Collecting and using local resources
There are two parts to this principle: the using and the valuing. It's important that we address both. For instance, we can value rain, but unless we use it, we'll need to rely on more energy intensive methods to have access to water. Conversely, if we use water without valuing it, we will one day run out and wonder where it all went.
I heard about a second-hand water tank that was for sale that suited my needs. It was manufactured in Seymour, but needed to be picked up from Broadford, about 20km away. Fortunately for me, my mate Brian has had some experience moving such things and has some great knot tying skills; he gave me a hand. Soon we will be able to collect rainwater (after we build a roof to collect it) to use on site.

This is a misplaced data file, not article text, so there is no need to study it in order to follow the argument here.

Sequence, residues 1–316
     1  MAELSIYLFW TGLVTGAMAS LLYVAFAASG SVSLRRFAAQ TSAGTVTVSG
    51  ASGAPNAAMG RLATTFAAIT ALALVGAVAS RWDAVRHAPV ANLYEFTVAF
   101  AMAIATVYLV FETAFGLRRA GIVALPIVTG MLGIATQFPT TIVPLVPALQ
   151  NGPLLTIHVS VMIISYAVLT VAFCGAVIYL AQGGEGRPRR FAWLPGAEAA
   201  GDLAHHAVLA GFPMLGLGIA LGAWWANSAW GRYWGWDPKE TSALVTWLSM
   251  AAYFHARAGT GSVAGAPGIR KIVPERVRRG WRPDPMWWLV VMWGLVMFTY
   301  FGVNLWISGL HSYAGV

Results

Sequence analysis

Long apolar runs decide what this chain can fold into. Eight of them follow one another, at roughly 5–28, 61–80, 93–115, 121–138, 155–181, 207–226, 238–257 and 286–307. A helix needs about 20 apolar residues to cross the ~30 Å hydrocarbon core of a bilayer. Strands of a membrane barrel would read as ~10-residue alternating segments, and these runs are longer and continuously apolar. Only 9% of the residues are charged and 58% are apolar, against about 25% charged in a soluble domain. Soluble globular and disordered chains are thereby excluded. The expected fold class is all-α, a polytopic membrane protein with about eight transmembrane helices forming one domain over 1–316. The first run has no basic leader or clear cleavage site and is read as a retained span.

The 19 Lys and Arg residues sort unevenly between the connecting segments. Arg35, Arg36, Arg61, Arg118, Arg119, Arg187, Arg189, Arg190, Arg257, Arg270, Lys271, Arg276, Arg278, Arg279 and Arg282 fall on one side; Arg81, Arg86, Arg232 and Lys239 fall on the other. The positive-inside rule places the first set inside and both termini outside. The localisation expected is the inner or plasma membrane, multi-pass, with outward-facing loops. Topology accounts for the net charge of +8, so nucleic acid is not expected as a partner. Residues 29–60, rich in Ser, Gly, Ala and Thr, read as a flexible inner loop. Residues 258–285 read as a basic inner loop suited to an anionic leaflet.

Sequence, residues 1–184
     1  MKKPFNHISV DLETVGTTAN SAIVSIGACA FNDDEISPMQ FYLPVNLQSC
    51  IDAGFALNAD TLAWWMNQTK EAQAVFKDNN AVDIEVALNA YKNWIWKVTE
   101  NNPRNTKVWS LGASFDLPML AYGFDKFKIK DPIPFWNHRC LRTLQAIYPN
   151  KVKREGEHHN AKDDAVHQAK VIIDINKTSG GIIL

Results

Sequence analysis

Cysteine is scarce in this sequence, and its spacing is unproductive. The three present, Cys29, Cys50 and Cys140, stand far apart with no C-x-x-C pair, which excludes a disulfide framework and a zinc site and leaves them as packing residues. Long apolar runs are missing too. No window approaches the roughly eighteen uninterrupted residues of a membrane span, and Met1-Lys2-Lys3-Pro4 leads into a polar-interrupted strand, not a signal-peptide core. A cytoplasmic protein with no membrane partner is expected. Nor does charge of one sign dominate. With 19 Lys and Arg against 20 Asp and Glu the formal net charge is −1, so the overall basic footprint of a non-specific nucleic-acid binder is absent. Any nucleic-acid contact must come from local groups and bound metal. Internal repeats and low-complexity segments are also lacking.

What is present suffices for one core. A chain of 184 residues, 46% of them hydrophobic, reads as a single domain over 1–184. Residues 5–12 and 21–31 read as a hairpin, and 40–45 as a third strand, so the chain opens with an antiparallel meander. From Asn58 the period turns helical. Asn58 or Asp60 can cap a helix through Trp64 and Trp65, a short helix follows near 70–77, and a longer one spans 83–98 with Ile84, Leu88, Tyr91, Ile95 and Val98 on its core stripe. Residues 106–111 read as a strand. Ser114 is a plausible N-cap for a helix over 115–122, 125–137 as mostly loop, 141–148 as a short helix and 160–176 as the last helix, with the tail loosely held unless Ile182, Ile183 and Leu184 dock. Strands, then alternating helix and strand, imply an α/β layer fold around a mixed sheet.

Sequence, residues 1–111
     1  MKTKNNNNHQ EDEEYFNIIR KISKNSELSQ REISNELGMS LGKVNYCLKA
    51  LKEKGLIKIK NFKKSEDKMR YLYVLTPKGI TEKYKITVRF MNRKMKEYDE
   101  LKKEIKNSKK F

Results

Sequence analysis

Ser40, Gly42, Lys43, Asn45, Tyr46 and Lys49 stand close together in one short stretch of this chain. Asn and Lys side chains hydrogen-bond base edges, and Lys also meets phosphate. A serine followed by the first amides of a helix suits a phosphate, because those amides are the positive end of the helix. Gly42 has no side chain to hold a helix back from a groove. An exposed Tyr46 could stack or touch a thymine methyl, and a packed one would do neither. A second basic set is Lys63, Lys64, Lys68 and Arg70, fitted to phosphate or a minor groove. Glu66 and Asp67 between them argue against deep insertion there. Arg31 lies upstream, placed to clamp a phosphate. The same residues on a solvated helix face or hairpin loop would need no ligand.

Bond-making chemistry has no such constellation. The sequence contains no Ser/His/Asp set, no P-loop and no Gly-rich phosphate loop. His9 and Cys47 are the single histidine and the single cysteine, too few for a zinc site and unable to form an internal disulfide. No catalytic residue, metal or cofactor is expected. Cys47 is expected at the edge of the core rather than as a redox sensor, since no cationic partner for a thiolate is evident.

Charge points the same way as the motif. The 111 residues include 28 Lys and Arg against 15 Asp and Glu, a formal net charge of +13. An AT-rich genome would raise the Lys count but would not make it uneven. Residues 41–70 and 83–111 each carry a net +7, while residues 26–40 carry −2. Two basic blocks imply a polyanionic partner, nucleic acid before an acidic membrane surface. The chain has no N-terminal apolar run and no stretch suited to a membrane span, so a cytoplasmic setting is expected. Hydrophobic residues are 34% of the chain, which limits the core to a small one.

I've been collecting all manner of natural resources on site. Piles are growing, moving and being used. Here are a few of the things that I've been collecting:
Red Gum sawdust for composting
Top soil for garden beds
Sub soil for landscaping
Tiles from deconstruction (not exactly a natural resource, but a resource all the same) - still trying to figure out a good re-use for these
Also sourced on site, concrete path sections which may later become a permeable driveway
Packing sand, mined from the nearby river
A couple of wheely bins sourced from the creek across the road - to be used for composting
and second-hand bricks, sourced locally